THE Priory Estate in Dudley, West Midlands, has a reputation as one of the toughest in the area. Nobody wants to live there.
One parent said the reaction to her address was akin to racial discrimination. Mike Millman, head of Priory primary, says its reputation is unfair and the community's efforts to turn itself around should be recognised.
More than a third of his pupils have special needs and 44 per cent receive free school meals. Unemployment is 23 per cent, of which 80 per cent is long-term. Research discovered that 74.8 per cent of adults had no interest in learning new skills or training.
The Priory Partnership Project was initiated to raise pupil achievement through the involvement of parents and the community. The school is now linked to Bilston Community College and Dudley Adult Education and Community Services and is franchised to run courses in a community room within the school.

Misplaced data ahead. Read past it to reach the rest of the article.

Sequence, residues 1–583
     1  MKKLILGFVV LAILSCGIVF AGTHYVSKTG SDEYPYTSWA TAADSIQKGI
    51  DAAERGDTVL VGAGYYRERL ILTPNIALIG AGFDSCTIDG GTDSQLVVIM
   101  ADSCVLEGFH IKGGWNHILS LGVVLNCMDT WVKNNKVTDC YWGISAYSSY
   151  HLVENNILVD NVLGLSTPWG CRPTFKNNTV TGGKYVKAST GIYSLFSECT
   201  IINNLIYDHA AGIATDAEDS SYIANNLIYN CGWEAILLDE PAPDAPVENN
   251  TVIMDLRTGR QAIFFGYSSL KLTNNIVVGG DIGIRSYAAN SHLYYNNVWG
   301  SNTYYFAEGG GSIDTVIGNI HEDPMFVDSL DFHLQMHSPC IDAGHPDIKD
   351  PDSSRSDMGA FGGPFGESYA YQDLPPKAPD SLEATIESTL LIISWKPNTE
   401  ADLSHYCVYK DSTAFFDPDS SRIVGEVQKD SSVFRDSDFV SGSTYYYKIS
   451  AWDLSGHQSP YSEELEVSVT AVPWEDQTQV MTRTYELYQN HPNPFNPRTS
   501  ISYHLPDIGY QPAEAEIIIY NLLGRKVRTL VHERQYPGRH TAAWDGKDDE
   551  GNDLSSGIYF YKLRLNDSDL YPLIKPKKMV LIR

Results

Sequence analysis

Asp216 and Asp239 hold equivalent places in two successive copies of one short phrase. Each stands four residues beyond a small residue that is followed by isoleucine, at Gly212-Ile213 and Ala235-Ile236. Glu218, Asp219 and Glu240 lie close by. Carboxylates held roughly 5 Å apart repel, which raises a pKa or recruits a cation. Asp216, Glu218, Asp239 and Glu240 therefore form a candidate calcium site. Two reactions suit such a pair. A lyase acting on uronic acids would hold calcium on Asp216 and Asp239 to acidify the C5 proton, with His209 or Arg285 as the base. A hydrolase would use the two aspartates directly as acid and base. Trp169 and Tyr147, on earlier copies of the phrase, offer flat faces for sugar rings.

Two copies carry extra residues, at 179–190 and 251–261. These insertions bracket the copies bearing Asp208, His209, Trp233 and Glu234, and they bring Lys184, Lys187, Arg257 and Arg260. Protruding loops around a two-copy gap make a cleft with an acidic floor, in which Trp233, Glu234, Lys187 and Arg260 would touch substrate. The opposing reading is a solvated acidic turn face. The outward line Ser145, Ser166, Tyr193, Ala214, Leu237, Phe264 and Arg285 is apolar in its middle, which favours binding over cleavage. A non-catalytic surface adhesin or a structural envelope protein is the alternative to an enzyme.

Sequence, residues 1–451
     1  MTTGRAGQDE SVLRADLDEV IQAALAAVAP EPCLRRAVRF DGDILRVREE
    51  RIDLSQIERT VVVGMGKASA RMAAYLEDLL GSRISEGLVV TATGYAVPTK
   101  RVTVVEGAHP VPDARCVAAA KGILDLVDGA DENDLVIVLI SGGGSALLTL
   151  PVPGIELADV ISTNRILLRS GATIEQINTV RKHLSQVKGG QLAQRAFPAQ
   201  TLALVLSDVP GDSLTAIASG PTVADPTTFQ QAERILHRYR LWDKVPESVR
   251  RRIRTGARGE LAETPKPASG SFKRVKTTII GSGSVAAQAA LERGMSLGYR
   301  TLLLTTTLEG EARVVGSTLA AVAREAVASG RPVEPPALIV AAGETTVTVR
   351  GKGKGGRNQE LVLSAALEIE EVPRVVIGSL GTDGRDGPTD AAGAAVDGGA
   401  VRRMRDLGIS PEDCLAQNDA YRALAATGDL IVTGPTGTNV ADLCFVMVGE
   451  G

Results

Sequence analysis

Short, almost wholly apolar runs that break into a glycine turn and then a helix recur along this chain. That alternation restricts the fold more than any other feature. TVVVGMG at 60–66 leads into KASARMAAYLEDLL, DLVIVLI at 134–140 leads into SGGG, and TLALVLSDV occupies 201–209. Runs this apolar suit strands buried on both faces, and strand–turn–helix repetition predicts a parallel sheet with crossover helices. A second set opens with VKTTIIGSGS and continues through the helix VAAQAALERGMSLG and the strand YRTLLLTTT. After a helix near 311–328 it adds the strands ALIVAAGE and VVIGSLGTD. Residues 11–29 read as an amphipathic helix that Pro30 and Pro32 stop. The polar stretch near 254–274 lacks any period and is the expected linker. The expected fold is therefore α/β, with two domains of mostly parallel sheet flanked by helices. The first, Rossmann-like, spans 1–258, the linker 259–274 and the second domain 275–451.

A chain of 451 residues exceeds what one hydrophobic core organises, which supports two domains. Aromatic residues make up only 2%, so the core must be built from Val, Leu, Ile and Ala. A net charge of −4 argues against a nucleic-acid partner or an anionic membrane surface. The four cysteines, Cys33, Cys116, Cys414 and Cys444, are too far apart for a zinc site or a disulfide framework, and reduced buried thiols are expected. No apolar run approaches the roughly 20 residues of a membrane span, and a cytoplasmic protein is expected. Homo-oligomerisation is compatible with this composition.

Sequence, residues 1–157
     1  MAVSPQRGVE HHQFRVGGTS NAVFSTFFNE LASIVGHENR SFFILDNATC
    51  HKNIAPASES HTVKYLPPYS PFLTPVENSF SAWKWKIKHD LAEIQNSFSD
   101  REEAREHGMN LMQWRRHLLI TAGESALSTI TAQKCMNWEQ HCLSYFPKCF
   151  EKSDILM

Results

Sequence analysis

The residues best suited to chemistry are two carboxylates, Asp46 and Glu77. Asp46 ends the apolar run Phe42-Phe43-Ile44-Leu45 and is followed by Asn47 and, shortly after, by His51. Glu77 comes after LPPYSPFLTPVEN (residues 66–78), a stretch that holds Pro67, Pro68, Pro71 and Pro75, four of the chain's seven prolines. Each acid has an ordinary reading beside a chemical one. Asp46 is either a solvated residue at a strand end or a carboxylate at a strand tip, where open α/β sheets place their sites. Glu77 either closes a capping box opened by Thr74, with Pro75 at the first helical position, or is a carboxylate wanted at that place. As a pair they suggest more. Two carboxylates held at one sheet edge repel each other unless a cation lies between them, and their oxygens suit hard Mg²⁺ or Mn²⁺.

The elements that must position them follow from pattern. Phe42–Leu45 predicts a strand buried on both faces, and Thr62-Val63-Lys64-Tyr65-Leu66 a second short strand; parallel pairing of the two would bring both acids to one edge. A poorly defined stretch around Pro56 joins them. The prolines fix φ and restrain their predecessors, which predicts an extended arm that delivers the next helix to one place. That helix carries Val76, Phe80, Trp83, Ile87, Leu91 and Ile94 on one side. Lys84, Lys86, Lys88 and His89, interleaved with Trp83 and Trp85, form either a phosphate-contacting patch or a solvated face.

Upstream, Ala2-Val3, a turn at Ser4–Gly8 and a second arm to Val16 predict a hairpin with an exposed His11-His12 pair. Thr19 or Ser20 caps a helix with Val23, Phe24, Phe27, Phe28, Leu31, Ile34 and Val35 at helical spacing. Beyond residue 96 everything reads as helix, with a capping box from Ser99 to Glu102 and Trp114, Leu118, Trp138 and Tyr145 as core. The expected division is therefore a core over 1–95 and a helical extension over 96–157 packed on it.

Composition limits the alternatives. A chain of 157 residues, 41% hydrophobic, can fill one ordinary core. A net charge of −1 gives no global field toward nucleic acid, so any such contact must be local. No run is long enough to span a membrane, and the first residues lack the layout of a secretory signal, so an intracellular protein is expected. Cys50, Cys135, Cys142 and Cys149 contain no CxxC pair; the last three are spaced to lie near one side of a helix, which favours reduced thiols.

During the day parents can take courses such as computer skills, hairdressing, driving and numeracy in cooking. Lifelong learning courses are free.
In the evenings there are adult education classes, including yoga and line dancing. Priory found new methods to encourage parents. Taster courses were offered and fees were payable weekly.
Parents help pupils and have their own projects. One group of mothers is writing a history of the school. This year Access to Lifelong Learning certificates were awarded to 276 residents. Four parents were nominated Outstanding Adult Learners. Three parents were accepted by universities and others have enrolled on FE courses including City and Guilds and nursery nurse training.
The project has been financed through the Further Education Funding Council and grants from Dudley Training and Enterprise Council. Mr Millman said:
"If social exclusion is to be tackled, there needs to be more than ad hoc funding. We leap from year to year, but the courses on offer must be on-going so parents can learn about them and know they will continue."